Why is collaboration so important today? The frontiers we face today are very different from those we faced just 10 years ago. We’ve already built out the internet infrastructure, the game-changing devices, and the killer apps to connect the world and power the information age. The new frontiers are the complicated industries that have been resistant to change, industries that have numerous stakeholders and provide a public good that requires government regulation. Disrupting healthcare, education, or finance will take more than a guy in a garage--it will take a savvy team of specialists who know how to work with others, it will take companies who know how to form strategic partnerships with other private and public institutions.
This is what AOL founder and investor Steve Case calls “the Third Wave” in his book which shares the same title. The First Wave of the Internet, according to Case, was about building the foundations and infrastructure to get people online; the Second Wave was largely defined by the dawn of mobile and software-as-a-service apps (where the lone geniuses thrived); and the Third Wave, which we are now entering, is the era when we begin integrating the full benefits of the internet into everything we do, including the industries that have the biggest impact on our daily lives, like healthcare, finance, education, and transportation.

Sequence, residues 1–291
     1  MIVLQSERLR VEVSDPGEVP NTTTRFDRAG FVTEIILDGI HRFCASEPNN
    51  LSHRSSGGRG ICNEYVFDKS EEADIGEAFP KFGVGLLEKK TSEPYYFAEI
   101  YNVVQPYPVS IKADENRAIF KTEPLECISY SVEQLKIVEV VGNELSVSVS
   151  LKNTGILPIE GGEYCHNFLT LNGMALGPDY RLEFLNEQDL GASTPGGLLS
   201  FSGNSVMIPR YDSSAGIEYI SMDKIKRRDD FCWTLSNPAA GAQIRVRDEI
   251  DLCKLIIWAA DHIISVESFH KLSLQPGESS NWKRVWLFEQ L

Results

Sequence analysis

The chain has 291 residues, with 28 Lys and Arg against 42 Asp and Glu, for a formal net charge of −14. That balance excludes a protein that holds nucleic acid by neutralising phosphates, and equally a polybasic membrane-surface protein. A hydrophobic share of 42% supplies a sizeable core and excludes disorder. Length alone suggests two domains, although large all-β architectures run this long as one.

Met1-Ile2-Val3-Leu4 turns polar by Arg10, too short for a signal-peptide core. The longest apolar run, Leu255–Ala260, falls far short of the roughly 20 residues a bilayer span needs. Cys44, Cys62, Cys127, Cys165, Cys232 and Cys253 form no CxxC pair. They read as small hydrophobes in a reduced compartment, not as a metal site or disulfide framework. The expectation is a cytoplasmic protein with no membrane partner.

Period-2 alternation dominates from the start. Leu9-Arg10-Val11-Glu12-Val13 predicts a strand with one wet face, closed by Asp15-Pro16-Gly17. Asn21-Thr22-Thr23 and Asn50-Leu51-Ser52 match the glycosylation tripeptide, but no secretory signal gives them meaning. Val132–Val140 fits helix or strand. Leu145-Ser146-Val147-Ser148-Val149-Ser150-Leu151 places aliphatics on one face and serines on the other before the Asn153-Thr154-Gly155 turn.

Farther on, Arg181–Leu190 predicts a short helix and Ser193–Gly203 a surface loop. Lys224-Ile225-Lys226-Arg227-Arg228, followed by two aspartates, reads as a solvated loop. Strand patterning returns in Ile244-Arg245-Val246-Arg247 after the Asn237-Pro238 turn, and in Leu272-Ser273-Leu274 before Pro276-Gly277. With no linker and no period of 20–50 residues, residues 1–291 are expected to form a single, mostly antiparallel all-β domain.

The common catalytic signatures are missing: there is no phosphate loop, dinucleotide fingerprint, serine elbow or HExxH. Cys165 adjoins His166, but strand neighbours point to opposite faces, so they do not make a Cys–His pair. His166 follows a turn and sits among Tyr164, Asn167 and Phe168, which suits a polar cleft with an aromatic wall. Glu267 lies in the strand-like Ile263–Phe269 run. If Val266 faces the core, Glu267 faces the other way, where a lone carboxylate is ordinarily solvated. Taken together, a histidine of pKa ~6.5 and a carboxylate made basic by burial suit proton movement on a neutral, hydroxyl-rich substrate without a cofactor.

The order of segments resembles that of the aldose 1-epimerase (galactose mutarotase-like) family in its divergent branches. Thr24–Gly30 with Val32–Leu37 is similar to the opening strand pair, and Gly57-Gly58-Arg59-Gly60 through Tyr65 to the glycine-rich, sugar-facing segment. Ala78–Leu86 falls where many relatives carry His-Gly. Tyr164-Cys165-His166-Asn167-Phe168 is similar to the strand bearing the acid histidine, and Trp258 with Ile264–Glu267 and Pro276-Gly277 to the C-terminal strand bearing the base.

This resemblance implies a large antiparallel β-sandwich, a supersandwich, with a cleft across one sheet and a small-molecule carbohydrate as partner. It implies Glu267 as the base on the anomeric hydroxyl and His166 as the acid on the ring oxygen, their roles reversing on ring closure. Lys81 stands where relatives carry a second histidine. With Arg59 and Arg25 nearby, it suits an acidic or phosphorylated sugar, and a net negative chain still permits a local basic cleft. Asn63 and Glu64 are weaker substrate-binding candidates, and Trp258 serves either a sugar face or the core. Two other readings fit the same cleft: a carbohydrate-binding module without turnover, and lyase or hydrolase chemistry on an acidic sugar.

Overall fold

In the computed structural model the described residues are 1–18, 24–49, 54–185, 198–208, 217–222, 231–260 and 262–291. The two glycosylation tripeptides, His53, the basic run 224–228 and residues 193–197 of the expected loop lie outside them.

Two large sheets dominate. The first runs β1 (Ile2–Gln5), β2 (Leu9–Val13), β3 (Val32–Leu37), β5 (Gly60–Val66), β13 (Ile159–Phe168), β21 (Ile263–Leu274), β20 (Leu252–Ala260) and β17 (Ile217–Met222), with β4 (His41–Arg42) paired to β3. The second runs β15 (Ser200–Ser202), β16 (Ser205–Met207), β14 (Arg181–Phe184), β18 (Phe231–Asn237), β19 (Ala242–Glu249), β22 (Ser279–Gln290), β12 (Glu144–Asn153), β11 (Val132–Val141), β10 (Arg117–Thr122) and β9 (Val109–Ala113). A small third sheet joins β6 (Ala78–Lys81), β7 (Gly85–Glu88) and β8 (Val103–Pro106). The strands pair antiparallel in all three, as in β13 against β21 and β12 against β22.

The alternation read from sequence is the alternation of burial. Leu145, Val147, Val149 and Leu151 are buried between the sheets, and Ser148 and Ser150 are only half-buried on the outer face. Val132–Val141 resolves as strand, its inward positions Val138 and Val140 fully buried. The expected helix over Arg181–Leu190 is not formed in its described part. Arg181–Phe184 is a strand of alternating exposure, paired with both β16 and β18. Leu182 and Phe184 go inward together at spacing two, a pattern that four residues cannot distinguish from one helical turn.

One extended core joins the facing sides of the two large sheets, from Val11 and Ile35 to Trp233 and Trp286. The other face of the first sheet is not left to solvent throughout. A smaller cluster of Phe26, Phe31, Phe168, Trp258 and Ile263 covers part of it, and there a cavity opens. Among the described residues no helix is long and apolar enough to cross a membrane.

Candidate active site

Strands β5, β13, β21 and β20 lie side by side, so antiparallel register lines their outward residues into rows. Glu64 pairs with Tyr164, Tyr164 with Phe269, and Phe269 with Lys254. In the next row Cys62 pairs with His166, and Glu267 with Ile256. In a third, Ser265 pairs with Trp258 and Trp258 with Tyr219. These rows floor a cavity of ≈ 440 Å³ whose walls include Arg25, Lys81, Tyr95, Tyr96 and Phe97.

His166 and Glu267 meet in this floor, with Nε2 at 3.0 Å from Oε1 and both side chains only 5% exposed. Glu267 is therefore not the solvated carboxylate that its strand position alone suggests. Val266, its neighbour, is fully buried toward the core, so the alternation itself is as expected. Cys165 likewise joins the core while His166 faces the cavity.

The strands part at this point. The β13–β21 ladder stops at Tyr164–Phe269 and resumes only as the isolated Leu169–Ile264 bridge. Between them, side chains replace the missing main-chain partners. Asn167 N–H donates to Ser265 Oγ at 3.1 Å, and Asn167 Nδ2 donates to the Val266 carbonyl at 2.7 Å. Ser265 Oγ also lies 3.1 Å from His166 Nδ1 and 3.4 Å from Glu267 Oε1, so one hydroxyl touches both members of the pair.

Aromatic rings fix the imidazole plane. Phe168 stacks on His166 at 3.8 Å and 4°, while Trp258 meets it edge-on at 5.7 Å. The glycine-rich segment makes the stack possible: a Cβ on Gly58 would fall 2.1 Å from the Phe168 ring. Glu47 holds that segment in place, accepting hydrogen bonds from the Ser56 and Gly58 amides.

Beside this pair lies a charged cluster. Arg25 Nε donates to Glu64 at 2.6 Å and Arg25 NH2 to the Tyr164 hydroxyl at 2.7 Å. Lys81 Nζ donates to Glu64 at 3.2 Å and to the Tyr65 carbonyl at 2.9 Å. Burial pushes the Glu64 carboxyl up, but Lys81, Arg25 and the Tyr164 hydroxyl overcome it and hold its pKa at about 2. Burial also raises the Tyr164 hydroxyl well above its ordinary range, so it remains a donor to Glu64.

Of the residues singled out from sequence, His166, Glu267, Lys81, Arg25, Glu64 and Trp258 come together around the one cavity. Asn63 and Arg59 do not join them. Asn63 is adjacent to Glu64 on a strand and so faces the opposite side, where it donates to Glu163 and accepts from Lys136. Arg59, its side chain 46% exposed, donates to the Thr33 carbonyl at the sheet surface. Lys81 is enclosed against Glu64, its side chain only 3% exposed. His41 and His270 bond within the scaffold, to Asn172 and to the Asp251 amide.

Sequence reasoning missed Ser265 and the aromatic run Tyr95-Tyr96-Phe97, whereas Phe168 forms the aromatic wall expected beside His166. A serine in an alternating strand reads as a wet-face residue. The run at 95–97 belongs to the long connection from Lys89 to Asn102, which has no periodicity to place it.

To navigate this Third Wave, we’re going to have to learn to work together. The Third Wave industries rely on collective efforts from multiple stakeholders and have key decision makers that act as gatekeepers. To change these industries, companies will have to work to form alliances with policy makers, industry leaders, and people on the front lines in order to make a real difference.
It’s already beginning to happen. According to a recent article in the Harvard Business Review, more companies are finding novel ways to work together as innovation cycles become too rapid for traditional mergers and acquisitions to be effective. The article points to an emerging new wave of industrial mashups, where companies share assets or capabilities with one or more partners to create new possibilities for all.
Working Together at Aspire